David "Clammerhead" Cessna starts with a prayer and a plan.
"In this job, time nor tide waits for no man. When you've got to be here, you get here, get in and get out," said Cessna.
I was told to wear clothes you never expect to wear again.
"This ain't no fashion show," said Cessna.
It's out into the water with a small boat attached to your waist by a rope. "Clammerhead" has been hand-clamming since he was six years old.
"It's more than just a job. It's a lifestyle," said Cessna.
You feel around in the mud for something hard and round. If you don't find any where you are, you move on to the next spot which may be deeper or more muddy.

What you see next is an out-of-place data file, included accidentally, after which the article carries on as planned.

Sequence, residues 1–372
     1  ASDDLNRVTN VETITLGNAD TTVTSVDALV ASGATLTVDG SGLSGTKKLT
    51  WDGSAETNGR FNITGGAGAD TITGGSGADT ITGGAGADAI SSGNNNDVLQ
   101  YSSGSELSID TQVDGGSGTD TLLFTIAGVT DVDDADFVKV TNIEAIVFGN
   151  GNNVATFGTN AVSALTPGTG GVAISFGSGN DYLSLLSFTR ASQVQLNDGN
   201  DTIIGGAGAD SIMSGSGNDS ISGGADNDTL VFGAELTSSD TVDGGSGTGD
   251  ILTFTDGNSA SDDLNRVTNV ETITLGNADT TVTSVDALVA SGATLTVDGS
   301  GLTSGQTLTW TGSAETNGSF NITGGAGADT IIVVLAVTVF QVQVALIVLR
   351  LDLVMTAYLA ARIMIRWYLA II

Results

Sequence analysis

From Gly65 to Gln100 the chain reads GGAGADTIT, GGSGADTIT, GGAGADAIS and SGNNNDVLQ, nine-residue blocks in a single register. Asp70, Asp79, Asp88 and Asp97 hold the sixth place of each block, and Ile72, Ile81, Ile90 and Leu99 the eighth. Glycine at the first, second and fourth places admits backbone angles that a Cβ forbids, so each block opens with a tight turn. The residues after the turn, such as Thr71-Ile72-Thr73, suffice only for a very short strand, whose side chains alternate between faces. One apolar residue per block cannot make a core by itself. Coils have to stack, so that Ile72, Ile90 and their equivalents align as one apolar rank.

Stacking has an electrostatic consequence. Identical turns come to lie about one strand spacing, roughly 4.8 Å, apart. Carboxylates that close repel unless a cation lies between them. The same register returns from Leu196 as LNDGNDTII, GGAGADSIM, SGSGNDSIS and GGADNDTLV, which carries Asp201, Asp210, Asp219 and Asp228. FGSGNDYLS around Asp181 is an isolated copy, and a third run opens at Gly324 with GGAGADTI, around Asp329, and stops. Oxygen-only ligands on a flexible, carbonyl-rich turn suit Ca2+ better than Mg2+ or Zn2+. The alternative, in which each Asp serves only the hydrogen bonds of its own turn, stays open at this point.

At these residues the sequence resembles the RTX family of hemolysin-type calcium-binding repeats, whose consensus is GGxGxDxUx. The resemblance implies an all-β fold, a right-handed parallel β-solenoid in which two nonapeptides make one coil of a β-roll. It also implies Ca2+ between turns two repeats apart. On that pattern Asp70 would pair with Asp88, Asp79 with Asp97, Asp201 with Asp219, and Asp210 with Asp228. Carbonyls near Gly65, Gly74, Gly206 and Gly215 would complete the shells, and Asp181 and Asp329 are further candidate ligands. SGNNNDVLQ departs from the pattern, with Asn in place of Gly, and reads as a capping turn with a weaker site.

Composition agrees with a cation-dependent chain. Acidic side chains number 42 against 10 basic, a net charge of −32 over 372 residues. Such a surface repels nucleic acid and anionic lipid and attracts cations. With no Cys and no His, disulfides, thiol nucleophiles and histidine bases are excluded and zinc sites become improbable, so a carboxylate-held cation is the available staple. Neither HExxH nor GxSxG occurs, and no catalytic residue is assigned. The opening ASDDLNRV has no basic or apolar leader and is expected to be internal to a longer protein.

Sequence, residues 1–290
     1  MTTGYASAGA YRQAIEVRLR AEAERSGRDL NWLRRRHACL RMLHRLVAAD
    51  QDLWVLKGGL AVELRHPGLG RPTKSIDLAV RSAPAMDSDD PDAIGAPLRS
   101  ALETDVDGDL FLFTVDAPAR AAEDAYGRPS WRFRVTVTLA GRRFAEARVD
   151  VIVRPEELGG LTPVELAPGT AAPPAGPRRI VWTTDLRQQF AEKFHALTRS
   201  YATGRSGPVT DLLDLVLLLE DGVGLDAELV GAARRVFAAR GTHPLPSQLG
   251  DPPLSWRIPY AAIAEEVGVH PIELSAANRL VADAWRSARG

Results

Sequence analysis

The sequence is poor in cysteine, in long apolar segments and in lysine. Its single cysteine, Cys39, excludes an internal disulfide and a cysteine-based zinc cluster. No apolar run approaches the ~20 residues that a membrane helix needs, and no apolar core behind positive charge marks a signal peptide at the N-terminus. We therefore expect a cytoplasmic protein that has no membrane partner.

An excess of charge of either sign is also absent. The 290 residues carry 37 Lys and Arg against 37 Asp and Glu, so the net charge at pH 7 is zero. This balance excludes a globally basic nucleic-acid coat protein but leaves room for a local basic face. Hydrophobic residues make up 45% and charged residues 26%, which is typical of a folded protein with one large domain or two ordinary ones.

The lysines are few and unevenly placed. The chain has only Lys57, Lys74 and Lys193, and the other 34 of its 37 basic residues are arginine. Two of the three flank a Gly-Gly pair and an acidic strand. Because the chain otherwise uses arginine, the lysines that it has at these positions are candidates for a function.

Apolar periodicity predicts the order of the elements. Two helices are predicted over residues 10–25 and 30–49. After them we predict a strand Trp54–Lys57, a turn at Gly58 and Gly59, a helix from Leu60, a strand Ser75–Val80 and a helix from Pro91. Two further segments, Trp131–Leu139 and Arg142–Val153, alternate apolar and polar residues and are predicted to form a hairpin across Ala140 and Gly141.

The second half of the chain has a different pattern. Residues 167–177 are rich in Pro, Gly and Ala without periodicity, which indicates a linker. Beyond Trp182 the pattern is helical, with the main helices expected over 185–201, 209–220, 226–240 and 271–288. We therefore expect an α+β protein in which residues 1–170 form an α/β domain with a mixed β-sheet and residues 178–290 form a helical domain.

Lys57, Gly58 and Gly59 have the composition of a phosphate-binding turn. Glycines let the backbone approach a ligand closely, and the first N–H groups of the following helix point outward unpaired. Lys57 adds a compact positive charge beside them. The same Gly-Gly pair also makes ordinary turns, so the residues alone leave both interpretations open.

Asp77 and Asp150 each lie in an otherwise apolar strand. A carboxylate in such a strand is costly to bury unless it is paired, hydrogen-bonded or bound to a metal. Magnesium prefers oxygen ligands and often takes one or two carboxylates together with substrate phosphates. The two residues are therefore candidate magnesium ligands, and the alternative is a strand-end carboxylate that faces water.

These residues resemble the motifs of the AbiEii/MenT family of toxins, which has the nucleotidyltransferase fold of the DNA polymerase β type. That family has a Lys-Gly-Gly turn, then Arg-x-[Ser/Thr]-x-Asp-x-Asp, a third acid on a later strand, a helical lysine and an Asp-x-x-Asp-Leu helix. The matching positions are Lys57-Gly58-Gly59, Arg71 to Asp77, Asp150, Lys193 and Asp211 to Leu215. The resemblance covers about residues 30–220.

"You've got to release your limits on your imagination on where a clam can be. If the water will flow there, a clam will be there," said Cessna.
A fisherman can get 10-15 cents per clam. For some it's catch and release.
You can't keep every clam that you find. The law says it has to be one inch in diameter across the jaw. One way to find out is if it passes through a small grater, you have to put it back.
You learn to love it, and it becomes a part of your life.
"It's an experience, and that's pretty much what life is about, just going out and living the experience," said Cessna.
You can give a man clams and you feed him for a day. You can teach a man to clam and you feed him for life.
You can clam without a commercial shellfish license. You just can't bring out more than 100 clams.